Now what do I do? They have a suggestion. What if they pretend to hire a new writer and I continue rewriting secretly away from the studio. I don't feel good about this. Look, the producers say, we're all friends. We'll make it work.

They guarantee I'll still get my writer credit. So, okay, I'm secretly rewriting my rewrite of the original writer's script, adding more of Judy's wit and charm.

Meanwhile, down at the studio, life with Judy proceeds: She tries to fire Ronnie Neame, the director. It's not in her contract, but Ronnie Neame doesn't understand her, she wants him gone. The crew announces that if Neame goes, they'll go too. Neame stays; Judy returns to work. Another day lost.

Occasionally I sneak into the studio to talk over the next day's shooting with the director. Neame shows me some of the uncut dailies from the film. I marvel at Judy's screen presence, even in the out-takes. What a good actress she is. When she works, she works hard.

A week later, the producers, along with the director, appear at my hotel. Two nights ago Judy called Frank Sinatra in Australia. "I can't take it any more, I'm saying goodbye." Sinatra called Hollywood, Hollywood called New York, New York called London, the producers called the guard outside Judy's hotel suite, who breaks in to find her semi-conscious, pill bottles everywhere.

Judy is taken to a hospital and pumped out. She'll live; production is suspended. The question is: when will she come back to work? Does this sound heartless? Yes, it is heartless. When you are making a film, nothing in the whole world matters, except making that film.

Judy's psychiatrist calls the producers. "You evil corrupt monsters are destroying this poor abused girl." She's in no condition to work. The producers beg: We have a picture to finish, we'll accommodate her, shorter hours, rest periods. If she could just come back for a few days.

"Well," says the psychiatrist," how many days is a few?"

The psychiatrist is now Judy's agent. He's negotiating. She owes us 16 days. The psychiatrist says: "She'll do 10." All this is totally bizarre and even comedic. But the comedy stops with me. The producers and the director give me my orders: You have to cut, cut, cut, then paste, combine, change, and add continuity, so the story still makes sense - and you have the weekend to do it.

Trying not to panic, I sit down at the typewriter. I'll have to work without sleep for a couple of nights. The new shortened script still has Judy Garland's wit and charm, and even, here and there, a touch of poignancy.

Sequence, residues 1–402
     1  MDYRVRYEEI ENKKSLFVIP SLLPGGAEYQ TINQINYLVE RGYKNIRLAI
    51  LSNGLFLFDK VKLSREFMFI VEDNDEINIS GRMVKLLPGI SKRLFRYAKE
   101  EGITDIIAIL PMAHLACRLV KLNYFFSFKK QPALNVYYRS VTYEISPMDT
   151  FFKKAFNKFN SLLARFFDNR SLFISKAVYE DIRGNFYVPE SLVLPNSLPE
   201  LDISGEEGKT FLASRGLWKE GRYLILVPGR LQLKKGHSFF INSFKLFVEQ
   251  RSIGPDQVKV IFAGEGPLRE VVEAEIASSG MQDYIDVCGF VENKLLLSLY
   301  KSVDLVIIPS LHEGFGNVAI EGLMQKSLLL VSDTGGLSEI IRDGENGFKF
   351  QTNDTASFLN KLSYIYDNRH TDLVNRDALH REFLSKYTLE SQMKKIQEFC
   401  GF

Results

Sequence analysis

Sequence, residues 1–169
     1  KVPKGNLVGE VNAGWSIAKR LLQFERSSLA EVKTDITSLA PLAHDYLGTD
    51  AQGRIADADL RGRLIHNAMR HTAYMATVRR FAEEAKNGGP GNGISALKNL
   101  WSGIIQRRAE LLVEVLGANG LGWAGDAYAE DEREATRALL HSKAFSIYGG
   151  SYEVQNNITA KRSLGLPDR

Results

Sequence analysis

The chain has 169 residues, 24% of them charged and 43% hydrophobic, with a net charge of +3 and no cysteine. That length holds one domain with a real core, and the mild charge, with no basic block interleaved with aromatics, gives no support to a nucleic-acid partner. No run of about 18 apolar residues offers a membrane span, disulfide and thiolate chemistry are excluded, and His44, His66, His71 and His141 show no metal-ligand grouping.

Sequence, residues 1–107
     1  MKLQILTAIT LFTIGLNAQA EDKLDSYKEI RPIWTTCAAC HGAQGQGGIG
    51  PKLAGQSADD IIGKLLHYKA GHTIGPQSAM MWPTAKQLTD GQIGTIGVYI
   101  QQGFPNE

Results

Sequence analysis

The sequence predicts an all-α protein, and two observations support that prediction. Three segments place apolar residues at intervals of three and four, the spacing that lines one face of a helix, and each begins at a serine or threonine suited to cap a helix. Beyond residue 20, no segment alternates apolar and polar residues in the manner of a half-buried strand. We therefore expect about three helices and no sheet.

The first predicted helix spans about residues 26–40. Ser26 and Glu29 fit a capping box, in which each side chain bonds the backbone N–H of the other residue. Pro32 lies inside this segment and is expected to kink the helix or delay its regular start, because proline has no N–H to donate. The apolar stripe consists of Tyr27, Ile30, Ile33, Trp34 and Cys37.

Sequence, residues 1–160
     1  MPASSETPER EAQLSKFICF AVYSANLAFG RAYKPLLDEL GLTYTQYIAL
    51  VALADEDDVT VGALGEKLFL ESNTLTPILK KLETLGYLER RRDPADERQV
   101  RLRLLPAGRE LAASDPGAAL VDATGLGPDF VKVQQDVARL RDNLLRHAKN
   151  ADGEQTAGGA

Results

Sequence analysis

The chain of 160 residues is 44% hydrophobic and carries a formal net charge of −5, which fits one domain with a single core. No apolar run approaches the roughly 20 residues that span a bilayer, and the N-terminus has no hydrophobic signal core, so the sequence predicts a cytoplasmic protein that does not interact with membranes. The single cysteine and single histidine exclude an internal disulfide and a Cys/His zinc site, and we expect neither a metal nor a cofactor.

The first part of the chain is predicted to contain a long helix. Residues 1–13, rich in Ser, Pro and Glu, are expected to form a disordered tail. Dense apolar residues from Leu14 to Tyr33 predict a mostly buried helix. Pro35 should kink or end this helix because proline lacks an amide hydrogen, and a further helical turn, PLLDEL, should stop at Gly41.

Judy comes back to the studio; production is resumed.

So far, millions of dollars have been spent shooting scenes that are just strips of film in an editing barrel. Judy has not recorded the songs. Until Judy Garland sings, there's no picture.

She's scheduled to record on the last day of production. Trying not to panic, one of the producers suggests we could create some bogus screw-up that would encourage Judy to record earlier. Then we could get rid of her. The writer could write something to patch it all together. The other producer points out that Judy may be crazy, but she's crazy like a fox. She will never record the songs until the end.

We have to keep her happy for 10 more days.The producers take her to dinner. She's in a good mood. They leave her laughing. At three in the morning she calls one of the producers and tells him to tell the other producer that she's not coming in again "until you start treating me like a goddamn f------ lady". The producers panic. But the next morning Judy comes in as though nothing has happened.

Finally, Judy sings. It's brilliant. Full of emotion. Endlessly moving. Super professional. And so we have a picture. Will it be any good? We're way beyond that. We have a picture.

The film gets respectable reviews, though modest box office returns. The producers' partnership breaks up. Ronnie Neame goes on to make big Hollywood films. Judy never made another film. She got a television series but it crashed and burned. She continued singing in major theatres, and then in smaller and smaller venues. She was rumoured to be sick.

I saw a picture of her at her last concert in 1969. She looks like a wizened old woman. Correction: she looks like a gallant wizened old woman. Then she was dead at 47.